General Election 2017: Casting your vote

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The General Election should provide all people of the United Kingdom with the opportunity to exercise their democratic right to vote. However, with some polling stations proving to be difficult to access in the past, it is perfectly understandable that some may be feeling apprehensive about casting their vote on Thursday.

For those who may require additional support when voting, there are numerous laws, guidelines and initiatives in place to ensure that everybody’s needs are met.

First of all, the Electoral Commission, an independent body who oversee elections in this country, state that each polling station should:

  • Be wheelchair accessible
  • Have accessible parking spaces that are clearly marked and regularly monitored
  • Have clear signage with directions steering the voter to the entrance
  • Be adequately lit
  • Have low level polling booths ensuring voters in wheelchairs can vote in secret

Disabled voters may request the assistance of the Presiding Officer to mark the ballot paper for them. Or, alternatively, they may bring someone with them to help them vote. This person must be an immediate family member over 18 years old or a qualified elector.

It is also a legal requirement that every polling station provides a tactile voting device. This is so that someone who is blind or partially sighted can mark the ballot paper themselves once the details on the ballot paper have been read out, either by a companion or by the Presiding Officer.

In addition, every polling station must provide a large print copy of the ballot paper for reference. There must also be a large print reference copy for you to take into the polling both with you, however your vote will still be cast on the standard size ballot paper.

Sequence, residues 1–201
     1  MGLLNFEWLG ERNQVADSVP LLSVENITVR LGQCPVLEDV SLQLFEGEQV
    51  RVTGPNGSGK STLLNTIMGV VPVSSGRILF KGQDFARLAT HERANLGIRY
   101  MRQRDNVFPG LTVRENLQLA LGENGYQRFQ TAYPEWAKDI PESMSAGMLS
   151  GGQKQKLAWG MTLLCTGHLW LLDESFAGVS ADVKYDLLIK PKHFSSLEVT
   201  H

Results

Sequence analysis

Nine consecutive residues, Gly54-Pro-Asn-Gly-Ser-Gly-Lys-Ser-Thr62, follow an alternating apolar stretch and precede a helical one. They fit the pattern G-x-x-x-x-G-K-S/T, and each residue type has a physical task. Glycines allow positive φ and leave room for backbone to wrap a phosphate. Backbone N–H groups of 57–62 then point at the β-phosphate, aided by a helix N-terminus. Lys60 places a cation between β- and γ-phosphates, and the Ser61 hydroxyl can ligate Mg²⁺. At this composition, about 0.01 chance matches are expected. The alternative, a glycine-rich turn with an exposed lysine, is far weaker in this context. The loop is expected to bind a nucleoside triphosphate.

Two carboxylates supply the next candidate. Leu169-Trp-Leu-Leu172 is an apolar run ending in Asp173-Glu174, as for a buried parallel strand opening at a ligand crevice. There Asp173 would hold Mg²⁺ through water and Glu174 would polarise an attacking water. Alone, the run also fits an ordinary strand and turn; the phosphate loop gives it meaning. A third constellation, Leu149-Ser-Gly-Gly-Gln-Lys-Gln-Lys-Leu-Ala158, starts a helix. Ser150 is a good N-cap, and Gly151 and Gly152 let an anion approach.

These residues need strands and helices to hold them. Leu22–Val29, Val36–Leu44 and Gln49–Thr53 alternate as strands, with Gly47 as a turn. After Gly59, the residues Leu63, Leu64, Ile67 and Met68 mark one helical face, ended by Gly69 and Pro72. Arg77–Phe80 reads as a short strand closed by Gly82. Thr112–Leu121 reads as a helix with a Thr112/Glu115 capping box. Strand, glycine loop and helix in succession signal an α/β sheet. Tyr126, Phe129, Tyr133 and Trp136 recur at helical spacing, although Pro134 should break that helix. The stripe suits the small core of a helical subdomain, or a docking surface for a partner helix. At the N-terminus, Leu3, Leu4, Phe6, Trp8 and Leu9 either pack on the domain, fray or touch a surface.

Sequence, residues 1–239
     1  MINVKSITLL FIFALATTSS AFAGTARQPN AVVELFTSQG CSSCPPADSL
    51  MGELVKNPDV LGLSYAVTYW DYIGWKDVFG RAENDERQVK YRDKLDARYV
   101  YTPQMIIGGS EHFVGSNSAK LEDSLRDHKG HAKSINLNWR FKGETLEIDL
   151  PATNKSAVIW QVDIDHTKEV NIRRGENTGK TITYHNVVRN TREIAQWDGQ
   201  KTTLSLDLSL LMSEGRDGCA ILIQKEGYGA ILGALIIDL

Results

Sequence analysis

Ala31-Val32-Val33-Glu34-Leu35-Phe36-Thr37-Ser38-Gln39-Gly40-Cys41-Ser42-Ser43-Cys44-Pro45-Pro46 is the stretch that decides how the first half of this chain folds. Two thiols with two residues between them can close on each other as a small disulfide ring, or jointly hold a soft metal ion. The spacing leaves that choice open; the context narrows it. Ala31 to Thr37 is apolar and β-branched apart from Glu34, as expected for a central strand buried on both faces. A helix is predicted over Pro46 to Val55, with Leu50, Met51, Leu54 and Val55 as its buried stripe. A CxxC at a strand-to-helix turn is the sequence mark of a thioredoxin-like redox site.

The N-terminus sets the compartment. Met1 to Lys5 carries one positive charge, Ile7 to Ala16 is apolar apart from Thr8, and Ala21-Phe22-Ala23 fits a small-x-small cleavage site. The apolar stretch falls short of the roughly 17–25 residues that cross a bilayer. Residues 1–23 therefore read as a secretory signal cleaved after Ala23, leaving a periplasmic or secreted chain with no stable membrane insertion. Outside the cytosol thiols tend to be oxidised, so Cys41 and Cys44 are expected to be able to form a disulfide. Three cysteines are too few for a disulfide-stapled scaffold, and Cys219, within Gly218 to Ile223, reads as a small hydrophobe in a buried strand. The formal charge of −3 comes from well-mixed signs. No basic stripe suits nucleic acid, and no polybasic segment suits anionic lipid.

To aid those with learning disabilities and autism, Dimensions UK are running a ‘Love your vote’ campaign. It is their aim that everyone has the chance to have their say on politics. Having helped hundreds of people vote in the past, they are aiming for even higher numbers this time around. They have produced a free Voting Passport  so that people can supply details about how they wish to be supported whilst casting their vote. These passports can be shown to staff at polling stations in order to help them understand how they can help.

Young wheelchair users based in London, Manchester and Birmingham can also benefit from free UberACCESS rides to help them vote. Working with Whizz-Kids, Uber are providing two free £10 codes to each eligible user so young people can be transported to and from their local polling station. Registered users of UberACCESS can receive their codes directly from Uber; those who have not used Uber previously can obtain a code from Whizz-Kids.

If you find it difficult to cast your vote or are unable to access the polling station, you should contact your local authority so that the issue can be resolved. You can also call the Electoral Commission on 0333 103 1928.

We hope that this guide will aid you in placing your vote. If you think there is something else we have missed that would be of benefit to others, please let us know by leaving a comment below.

To further aid you, a selection of excellent voting guides and recommended reading can be found here:

Recommended Reading

Disabled People’s Voting Rights

Your Vote Matters

General Election 2017: Make sure your voice is heard (from Scope)

Dimensions UK ‘Love your vote’ campaign

Voting and Elections (from RNIB)

General Election 2017 (from Leonard Cheshire)

General Election 2017: What are the parties promising disabled people?

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